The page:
SYDNEY (AFP) - US Vice-President Joe Biden on Sunday (July 17) unveiled a series of agreements between the US and Australia to create an "unprecedented" international research database of cancer patients as he kicked off a three-day visit in Melbourne.
Fighting cancer is a personal goal for Biden, who lost his son Beau Biden to brain cancer last year, with the opening of an A$1 billion (US$760,000) medical facility his first event on his Australia tour, ahead of talks with Australian Prime Minister Malcolm Turnbull.
"Cancer research has not really been a team sport the last 25 years," Biden, who heads up the White House's "moonshot" initiative to speed up research into the disease, said at the launch of the Victorian Comprehensive Cancer Centre.
"But you're making it, as we say in the States, a team sport," he added, declaring that the world was on the verge of major breakthroughs in treatment.
The collaboration would see an "unprecedented international dataset" of at least 8,000 US patients and 50,000 from Australia made available to cancer researchers and doctors by 2021, he said in a statement.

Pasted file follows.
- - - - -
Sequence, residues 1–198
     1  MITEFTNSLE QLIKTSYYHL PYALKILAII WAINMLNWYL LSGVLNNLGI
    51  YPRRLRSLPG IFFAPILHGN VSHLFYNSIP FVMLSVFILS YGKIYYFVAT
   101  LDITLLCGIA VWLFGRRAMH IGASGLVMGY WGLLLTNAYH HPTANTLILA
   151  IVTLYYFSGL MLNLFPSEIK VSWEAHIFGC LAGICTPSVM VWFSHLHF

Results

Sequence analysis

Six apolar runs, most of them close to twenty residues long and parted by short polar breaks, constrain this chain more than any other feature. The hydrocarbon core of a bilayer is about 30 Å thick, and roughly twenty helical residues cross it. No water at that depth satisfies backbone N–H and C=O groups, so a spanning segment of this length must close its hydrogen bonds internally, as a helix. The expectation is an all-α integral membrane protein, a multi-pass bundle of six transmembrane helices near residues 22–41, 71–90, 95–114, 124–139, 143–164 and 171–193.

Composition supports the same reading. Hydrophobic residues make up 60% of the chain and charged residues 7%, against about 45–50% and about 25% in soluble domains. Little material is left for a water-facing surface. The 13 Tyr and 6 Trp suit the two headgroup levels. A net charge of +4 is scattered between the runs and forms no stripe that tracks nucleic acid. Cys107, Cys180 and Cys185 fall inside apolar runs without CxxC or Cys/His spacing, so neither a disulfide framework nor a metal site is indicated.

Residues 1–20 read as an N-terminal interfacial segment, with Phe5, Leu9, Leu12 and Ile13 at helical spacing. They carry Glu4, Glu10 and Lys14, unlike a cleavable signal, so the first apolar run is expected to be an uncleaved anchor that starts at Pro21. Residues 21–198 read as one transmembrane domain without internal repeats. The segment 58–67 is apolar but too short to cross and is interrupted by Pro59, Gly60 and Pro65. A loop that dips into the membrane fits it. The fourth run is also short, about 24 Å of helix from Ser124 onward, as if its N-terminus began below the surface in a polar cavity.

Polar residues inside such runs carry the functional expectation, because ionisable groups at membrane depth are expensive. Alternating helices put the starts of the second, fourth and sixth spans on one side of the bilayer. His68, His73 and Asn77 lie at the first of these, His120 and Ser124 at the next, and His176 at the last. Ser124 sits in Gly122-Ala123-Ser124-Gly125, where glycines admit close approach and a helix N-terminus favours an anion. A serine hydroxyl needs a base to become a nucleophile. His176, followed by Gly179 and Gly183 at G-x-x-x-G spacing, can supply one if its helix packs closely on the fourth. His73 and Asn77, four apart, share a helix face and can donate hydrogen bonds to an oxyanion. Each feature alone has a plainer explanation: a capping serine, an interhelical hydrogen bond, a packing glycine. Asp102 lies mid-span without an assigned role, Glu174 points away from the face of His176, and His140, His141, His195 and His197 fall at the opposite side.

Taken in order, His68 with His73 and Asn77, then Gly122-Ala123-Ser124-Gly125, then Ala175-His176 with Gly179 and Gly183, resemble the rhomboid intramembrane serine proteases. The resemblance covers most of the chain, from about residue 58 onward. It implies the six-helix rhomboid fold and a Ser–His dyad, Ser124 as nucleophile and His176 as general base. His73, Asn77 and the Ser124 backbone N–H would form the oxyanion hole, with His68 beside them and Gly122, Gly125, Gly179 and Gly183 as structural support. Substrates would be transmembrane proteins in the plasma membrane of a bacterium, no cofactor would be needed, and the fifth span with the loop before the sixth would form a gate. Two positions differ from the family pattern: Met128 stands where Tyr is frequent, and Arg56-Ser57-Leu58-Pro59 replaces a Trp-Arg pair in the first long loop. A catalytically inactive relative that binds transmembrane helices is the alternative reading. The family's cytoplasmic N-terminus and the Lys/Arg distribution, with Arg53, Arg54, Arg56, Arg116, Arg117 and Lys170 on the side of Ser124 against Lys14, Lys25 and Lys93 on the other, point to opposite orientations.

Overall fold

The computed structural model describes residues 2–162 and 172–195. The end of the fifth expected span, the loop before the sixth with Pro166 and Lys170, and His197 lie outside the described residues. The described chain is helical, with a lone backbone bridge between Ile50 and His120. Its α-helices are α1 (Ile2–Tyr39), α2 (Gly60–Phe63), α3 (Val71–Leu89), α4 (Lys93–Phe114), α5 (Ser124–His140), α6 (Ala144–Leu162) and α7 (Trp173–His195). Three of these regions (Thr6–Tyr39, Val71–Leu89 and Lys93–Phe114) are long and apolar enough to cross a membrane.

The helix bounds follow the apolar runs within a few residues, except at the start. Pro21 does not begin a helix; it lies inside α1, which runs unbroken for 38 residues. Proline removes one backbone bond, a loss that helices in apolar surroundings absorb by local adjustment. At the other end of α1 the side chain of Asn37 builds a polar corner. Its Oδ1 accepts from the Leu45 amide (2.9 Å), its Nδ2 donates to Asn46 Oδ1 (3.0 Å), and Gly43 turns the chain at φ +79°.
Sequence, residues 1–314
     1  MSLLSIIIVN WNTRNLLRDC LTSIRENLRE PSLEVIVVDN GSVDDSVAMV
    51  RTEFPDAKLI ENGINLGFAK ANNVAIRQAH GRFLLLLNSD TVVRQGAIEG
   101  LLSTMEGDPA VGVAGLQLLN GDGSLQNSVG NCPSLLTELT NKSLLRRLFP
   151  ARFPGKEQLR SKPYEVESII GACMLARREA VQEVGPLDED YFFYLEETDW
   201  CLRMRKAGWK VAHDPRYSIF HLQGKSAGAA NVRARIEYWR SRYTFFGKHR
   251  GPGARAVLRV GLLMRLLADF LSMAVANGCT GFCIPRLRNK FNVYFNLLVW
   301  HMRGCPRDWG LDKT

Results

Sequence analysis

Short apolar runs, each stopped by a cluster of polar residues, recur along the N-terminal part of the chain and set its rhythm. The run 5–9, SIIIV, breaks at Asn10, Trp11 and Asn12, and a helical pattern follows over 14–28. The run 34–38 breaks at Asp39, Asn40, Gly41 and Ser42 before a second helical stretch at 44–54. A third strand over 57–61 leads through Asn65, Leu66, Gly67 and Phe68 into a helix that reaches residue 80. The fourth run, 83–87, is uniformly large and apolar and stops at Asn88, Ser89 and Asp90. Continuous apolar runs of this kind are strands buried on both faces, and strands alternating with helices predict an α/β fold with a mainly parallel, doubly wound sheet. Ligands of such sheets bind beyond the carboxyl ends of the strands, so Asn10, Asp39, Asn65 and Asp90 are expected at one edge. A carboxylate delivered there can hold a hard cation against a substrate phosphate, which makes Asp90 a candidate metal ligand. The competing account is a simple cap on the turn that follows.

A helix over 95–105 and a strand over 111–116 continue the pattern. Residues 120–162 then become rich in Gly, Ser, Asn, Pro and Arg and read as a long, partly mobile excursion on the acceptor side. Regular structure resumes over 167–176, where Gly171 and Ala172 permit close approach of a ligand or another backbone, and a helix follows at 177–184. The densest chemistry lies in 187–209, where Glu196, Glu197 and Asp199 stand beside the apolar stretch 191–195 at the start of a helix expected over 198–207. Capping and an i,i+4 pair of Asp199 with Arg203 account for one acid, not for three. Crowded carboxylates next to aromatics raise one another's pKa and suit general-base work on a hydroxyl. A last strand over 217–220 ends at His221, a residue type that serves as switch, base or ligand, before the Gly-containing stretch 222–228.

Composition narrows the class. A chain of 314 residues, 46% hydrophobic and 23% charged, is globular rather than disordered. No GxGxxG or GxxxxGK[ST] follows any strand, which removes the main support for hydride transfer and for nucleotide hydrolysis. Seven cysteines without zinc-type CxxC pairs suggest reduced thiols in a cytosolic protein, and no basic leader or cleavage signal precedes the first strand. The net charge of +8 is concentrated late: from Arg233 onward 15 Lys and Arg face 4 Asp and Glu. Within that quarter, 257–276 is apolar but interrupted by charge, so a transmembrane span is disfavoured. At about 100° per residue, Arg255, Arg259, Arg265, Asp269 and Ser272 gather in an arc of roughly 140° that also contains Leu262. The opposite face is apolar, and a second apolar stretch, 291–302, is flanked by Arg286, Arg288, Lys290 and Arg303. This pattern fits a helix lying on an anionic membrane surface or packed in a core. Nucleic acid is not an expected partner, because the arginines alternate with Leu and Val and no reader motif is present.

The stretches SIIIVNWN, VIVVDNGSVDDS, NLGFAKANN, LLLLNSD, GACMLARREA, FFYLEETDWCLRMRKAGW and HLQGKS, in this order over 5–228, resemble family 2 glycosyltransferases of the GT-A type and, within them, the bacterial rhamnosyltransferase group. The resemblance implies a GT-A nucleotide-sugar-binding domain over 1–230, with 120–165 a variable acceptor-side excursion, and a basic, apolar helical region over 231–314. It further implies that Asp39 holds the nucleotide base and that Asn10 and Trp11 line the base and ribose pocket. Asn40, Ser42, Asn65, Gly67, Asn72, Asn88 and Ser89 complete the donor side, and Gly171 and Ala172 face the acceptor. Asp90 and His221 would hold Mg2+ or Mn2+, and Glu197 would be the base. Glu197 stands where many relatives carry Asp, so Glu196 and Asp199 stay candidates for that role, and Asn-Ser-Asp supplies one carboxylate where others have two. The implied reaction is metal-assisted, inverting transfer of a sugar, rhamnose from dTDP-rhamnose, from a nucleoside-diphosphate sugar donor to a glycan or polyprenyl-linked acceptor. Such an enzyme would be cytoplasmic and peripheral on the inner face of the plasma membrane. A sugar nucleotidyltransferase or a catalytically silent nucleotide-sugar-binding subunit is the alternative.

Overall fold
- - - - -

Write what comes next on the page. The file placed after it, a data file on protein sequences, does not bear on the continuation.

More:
Biden's visit comes amid tensions in the region following a UN-backed tribunal's ruling against China's claims in the South China Sea.
The US vice-president, who warned that Beijing should abide by the same international rules as everyone else in comments to the Sydney Morning Herald Saturday, is expected to address Washington's military alliance with Canberra during his visit.
Later Sunday, he joined Foreign Minister Julie Bishop at an Australian Rules game in Melbourne. He is due to meet Turnbull on Tuesday before making a "major policy speech" about US-Australia relations on Wednesday.
Biden will also hold talks with New Zealand Prime Minister John Key in Auckland on Thursday.